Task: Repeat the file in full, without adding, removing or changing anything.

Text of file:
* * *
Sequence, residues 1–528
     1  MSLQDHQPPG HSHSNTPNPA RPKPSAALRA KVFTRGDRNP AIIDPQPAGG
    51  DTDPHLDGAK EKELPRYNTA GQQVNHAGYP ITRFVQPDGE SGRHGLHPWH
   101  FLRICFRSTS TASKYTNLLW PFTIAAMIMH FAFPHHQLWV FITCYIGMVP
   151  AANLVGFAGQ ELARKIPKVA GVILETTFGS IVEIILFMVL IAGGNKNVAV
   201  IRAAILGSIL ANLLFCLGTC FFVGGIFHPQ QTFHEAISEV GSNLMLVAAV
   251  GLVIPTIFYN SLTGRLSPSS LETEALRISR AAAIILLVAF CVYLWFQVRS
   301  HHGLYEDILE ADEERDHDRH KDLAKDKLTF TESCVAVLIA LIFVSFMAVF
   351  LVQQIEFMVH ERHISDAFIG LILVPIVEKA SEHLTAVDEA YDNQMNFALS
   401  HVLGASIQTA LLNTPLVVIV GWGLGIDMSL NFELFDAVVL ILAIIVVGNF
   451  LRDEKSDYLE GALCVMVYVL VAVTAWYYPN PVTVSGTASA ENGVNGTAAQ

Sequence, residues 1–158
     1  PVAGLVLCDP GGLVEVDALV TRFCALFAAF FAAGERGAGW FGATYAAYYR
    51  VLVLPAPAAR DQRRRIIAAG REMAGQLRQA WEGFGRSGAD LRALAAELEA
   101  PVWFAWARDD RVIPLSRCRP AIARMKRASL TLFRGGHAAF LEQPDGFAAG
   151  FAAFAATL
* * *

Sequence, residues 1–528
     1  MSLQDHQPPG HSHSNTPNPA RPKPSAALRA KVFTRGDRNP AIIDPQPAGG
    51  DTDPHLDGAK EKELPRYNTA GQQVNHAGYP ITRFVQPDGE SGRHGLHPWH
   101  FLRICFRSTS TASKYTNLLW PFTIAAMIMH FAFPHHQLWV FITCYIGMVP
   151  AANLVGFAGQ ELARKIPKVA GVILETTFGS IVEIILFMVL IAGGNKNVAV
   201  IRAAILGSIL ANLLFCLGTC FFVGGIFHPQ QTFHEAISEV GSNLMLVAAV
   251  GLVIPTIFYN SLTGRLSPSS LETEALRISR AAAIILLVAF CVYLWFQVRS
   301  HHGLYEDILE ADEERDHDRH KDLAKDKLTF TESCVAVLIA LIFVSFMAVF
   351  LVQQIEFMVH ERHISDAFIG LILVPIVEKA SEHLTAVDEA YDNQMNFALS
   401  HVLGASIQTA LLNTPLVVIV GWGLGIDMSL NFELFDAVVL ILAIIVVGNF
   451  LRDEKSDYLE GALCVMVYVL VAVTAWYYPN PVTVSGTASA ENGVNGTAAQ

Sequence, residues 1–158
     1  PVAGLVLCDP GGLVEVDALV TRFCALFAAF FAAGERGAGW FGATYAAYYR
    51  VLVLPAPAAR DQRRRIIAAG REMAGQLRQA WEGFGRSGAD LRALAAELEA
   101  PVWFAWARDD RVIPLSRCRP AIARMKRASL TLFRGGHAAF LEQPDGFAAG
   151  FAAFAATL